FIG. 2A shows an example of typical keyset for a preferred embodiment communications network with the Presence-Availability feature of the present invention, e.g., keyset 108 in FIGS. 1A–C. In this example, keyset 108 includes four (4) keyset line keys/indicators 1082, 1084, 1086, 1088. So, for example, two keys 1082, 1084 may be DSS keys, e.g., for users named Kate at keyset 106 and Mark at another keyset, e.g., virtual keyset PC 132 in FIG. 1C, while one key 1086 is a line appearance key (e.g., for a user named Betty at keyset 110) and the fourth key 1088 is a line key (for a user named Jim) for this keyset 108. So for example, if Betty selects DND on her telephone 110 to place her station at extension 31420 in Do-Not-Disturb (unavailable), line key 1088 on Jim's telephone indicates that Betty has DND active and so, is unavailable. Optionally, unavailability is assigned the lowest priority at the originating telephone (in this example at Betty's) where the unavailable status is initiated. If assigned lowest priority, the unavailable status indication is displayed at the originating station only when that line is not experiencing other activity, e.g., ringing, busy, hold, while other keysets 106, 108, 132 continue to indicate that the originating keyset is unavailable.

At a glance a user can determine prior to initiating a telephone call whether whomever they wish to contact is available or does not wish to be disturbed. Also, as noted above the Presence-Availability indication may be provided to a keyset LCD display, e.g., 108D. The keyset user may simply key in the number to request presence, followed by the station for which the user wishes to display presence and, then, decide whether to place the call. So, whenever one user wants to contact another, the user can determine whether the other user is available or even wishes to be contacted (i.e., is unavailable) using the Presence-Availability feature. Otherwise, without the Presence-Availability feature, telephone users must call and recall the person just to contact the person and is unaware when the person does not wish to be disturbed.

FIG. 2B shows a flow diagram 140 of an example of how DND status is indicated to other users in a preferred embodiment system. Although DND may be selected during a call, normally, the particular line is idle in step 142 and so, available. In step 144 the DND state is switched, i.e., selected. When in step 146 it is determined that DND is active for a selected line, that line becomes unavailable. In step 148, the originating telephone (that activated DND) indicates that the line is unavailable. In step 150 the indication that the line is unavailable is distributed to all telephones in the network with a line key or indicator, indicating that the originating telephone has activated DND, e.g., fluttering the line key LED associated with the DND line and the station returns to idle in step 142. In step 144 when DND switches, i.e., is terminated, then in step 152, the originating telephone (that terminated DND) indicates that the line is available. In step 154, the indication that the line is available is distributed to all telephones in the network with the line key or indicator, e.g., no longer fluttering the line key LED associated with the DND line. Again the station returns to idle in step 142.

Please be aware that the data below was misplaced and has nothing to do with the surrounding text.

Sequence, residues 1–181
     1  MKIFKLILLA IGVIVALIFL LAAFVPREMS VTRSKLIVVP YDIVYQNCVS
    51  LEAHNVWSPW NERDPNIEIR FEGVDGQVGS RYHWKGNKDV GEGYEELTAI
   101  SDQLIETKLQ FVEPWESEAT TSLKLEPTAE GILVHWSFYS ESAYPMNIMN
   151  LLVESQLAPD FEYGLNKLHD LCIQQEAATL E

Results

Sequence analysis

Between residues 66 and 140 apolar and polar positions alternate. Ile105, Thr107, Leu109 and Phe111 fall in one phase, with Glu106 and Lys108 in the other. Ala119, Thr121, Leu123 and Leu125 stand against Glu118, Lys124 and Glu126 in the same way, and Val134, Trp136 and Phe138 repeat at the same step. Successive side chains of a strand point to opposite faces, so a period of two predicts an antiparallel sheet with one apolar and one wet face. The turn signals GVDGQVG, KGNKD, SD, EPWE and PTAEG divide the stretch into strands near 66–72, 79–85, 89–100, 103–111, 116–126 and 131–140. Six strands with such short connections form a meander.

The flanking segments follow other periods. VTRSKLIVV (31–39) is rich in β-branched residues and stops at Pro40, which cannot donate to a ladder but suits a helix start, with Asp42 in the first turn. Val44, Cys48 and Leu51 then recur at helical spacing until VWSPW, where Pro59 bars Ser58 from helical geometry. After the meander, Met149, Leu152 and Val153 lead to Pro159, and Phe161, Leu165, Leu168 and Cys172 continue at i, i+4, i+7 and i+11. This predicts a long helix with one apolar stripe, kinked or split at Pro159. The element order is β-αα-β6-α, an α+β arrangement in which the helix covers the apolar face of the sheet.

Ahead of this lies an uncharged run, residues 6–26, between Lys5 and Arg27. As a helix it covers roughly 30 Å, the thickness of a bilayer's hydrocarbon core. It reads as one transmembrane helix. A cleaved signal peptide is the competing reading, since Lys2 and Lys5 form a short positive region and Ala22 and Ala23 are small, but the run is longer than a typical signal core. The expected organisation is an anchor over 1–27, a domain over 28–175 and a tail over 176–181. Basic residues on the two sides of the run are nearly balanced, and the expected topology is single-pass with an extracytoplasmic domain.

Thus, using the Presence-Availability feature a user can quickly determine whether another user is in the office or out. So, one user can determine whether that user is currently taking calls at that location. If that other user has selected DND, the first user does not waste time in pointless attempts to redial. If, however, calls are forwarded and the other user is not in, the first user can use the “Preview the Location” feature to identify the call forwarded user's location. Thus, the user can determine, whether the other user is nearby or at some distant or off site location.

FIG. 3A shows an example of typical preferred embodiment keyset 160 with the “Preview The Location” or locate feature of the present invention, which may be included independent of whether the above Presence-Availability feature is included. In this example, the keyset 160, which is substantially similar to the keyset 108 of FIG. 2A with like elements labeled identically, includes a “Preview The Location” key or locate button 162, that facilitates locating call forwarded users. Further in this example, the call forwarded destination is displayed in display 108D without ever placing a call. Thus, once the station user locates another user, based on the location the station user can decide whether to place the call or use some other more appropriate contact method.